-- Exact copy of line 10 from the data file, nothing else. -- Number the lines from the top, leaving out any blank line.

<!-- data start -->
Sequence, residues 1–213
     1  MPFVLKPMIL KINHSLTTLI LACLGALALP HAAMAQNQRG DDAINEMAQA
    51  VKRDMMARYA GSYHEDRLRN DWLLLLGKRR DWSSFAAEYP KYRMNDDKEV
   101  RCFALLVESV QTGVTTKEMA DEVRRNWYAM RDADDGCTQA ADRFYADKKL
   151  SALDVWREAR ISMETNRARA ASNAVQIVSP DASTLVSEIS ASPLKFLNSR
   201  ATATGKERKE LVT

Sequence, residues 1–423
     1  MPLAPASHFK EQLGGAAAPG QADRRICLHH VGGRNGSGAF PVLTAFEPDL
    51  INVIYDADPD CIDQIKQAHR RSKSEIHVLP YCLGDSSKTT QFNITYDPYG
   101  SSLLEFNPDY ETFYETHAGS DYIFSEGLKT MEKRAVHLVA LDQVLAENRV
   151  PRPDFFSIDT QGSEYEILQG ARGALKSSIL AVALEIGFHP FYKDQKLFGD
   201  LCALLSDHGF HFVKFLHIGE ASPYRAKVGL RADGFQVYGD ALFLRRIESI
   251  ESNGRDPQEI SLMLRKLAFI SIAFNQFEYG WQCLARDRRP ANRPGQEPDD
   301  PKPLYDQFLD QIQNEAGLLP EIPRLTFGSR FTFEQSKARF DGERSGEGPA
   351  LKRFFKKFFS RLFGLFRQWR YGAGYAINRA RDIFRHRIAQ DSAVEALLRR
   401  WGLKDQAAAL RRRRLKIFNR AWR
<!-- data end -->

   101  SSLLEFNPDY ETFYETHAGS DYIFSEGLKT MEKRAVHLVA LDQVLAENRV